Lassen.

“When we lose these woods, we lose our soul. Not simply as individuals, but as a people.” – Kevin Walker

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Lassen National Forest

http://www.ecoangler.com/habitat/Mill_Creek_California.html

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The Lassen National Forest lies at the heart of one of the most fascinating areas of California, called the Crossroads. Here the granite of the Sierra Nevada, the lava of the Cascades and the Modoc Plateau, and the sagebrush of the Great Basin meet and blend.

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Diamond Mountains area of Lassen National Forest

http://old.geog.psu.edu/vegdyn/AspenLassen.php

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Lassen National Forest is a national forest of 1,700 square miles in northeastern California. It is named after pioneer Peter Lassen, who mined, ranched and promoted the area to emigrant parties in the 1850s.

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Lassen NF

http://www.fs.usda.gov/main/lassen/about-forest

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In the southern Cascade foothills, approximately twenty miles east of Red Bluff, California, lies the Ishi Wilderness, a unique 41,000 acre, low-elevation wilderness. This is a land incised by wind and water, dotted with basaltic outcroppings, caves, and bizarre pillar lava formations. This is up and down country, a series of east-west running ridges framed by rugged river canyons.

The Ishi is named for a Yahi Yana Indian who was the last survivor of his tribe, who lived in the area for over three thousand years. Shortly after 1850, the white settlers killed all but a handful of the Yahi. Ishi (the Yahi word for man) and a few others escaped and lived quietly for decades in this harsh, wild country.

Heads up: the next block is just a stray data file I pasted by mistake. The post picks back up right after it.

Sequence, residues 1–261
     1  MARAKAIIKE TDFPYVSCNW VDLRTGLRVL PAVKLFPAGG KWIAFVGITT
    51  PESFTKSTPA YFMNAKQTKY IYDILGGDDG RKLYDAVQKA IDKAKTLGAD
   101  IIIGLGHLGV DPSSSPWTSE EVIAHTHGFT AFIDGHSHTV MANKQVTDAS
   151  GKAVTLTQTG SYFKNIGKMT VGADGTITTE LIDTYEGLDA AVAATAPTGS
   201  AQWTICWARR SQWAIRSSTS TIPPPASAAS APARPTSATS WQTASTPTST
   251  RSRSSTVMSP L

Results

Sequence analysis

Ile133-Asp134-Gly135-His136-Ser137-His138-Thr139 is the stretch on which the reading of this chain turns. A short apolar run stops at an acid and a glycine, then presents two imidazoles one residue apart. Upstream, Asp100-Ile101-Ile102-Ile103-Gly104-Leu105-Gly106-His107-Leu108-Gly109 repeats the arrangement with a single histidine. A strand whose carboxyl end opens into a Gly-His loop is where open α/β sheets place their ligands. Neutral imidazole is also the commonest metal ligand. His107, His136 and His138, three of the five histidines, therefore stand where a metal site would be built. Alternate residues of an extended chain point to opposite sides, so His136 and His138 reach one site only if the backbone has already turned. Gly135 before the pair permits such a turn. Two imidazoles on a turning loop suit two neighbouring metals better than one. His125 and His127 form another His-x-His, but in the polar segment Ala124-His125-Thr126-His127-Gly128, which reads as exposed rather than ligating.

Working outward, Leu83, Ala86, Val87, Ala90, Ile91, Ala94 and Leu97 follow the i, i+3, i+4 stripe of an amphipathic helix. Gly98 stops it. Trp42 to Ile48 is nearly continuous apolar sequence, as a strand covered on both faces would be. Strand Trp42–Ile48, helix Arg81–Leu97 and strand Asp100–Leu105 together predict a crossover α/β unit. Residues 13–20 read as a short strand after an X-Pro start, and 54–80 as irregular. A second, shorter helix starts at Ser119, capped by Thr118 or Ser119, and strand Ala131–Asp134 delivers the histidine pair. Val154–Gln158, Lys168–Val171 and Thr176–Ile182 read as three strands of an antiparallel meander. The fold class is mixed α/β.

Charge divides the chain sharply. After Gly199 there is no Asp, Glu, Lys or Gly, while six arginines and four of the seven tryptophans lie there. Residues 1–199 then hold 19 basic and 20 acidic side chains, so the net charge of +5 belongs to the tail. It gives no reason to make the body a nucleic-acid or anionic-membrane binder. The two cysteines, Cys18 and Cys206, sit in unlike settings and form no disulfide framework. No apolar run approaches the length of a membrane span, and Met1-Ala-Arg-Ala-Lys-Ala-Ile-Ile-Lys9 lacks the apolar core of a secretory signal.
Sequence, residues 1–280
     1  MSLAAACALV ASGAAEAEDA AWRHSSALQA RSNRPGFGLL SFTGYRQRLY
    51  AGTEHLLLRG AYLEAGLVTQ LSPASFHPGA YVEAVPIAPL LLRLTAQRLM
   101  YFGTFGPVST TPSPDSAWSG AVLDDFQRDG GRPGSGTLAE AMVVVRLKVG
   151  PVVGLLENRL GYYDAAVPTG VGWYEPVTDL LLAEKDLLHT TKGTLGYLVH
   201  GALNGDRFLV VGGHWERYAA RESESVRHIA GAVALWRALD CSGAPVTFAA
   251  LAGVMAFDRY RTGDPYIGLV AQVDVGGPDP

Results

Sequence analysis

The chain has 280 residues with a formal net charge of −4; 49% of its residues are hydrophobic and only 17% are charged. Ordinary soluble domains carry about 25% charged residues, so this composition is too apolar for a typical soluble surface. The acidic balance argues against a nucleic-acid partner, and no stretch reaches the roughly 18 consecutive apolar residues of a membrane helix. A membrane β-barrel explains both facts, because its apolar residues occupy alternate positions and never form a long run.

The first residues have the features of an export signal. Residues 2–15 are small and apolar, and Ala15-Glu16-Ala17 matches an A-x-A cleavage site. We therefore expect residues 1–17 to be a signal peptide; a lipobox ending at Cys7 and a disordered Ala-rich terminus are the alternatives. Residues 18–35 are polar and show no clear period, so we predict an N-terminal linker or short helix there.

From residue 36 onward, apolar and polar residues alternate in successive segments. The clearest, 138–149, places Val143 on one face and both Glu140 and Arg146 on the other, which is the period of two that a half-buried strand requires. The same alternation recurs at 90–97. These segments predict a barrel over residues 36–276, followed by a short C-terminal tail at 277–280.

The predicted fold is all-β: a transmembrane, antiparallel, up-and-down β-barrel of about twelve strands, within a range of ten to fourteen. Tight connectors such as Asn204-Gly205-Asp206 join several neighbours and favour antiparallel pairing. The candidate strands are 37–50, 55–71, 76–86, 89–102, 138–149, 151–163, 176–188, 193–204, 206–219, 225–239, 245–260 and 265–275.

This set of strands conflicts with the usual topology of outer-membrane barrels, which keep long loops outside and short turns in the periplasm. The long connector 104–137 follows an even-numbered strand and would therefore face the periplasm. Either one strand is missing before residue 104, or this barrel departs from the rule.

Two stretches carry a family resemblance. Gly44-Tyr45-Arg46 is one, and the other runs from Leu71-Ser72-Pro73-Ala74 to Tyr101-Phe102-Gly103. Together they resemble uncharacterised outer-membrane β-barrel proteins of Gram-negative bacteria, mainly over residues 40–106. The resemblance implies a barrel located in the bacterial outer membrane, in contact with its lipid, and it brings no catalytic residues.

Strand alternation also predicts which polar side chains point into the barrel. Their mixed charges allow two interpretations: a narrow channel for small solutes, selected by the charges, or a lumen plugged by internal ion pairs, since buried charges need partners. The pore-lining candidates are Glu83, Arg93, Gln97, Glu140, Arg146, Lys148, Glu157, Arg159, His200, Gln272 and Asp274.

The Tehama deer herd, the largest migratory herd in California, winters in the area. Other wildlife include wild hog, mountain lion, black bear, coyote, bobcat and rabbit.

Rock cliffs provide nesting sites for a variety of raptors including hawks, eagles, falcons, and owls. Other common sightings include wild turkey, quail, mourning doves, canyon wrens, band-tailed pigeons, and myriad songbirds.

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Lassen National Forest, October

http://www.mikefergusonrecreation.com/custompage.asp?pg=trips

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The Caribou Wilderness is a gentle, rolling, forested plateau dotted with glacial lakes. Reminders of volcanic and glacial origin are apparent throughout this remote, unpopulated area. Crater peaks, cinder cones, and numerous large and small depressions have resulted in the formation of the crystalline lakes that are scattered throughout the plateau.

Caribou Peaks, Black Cinder Rock, and Red Cinder are points of interest. The average elevation is 6,900 feet. The highest point, Red Cinder, is 8,370 feet. From here there are majestic views of the lofty mountains that surround this primitive wilderness. Located on the eastern slopes of what was once Mount Tehama, this area is surrounded by the volcanic peaks of Swain Mountain, Bogard Buttes, Prospect Peak, Ash Butte, Red Cinder Cone and Mount Harkness.

The Forest cover is mostly lodgepole pine with a mixture of jeffrey pine, white and red fir, western white pine, and hemlock. In early summer, wildflowers brighten the trail and water lilies cluster in ponds.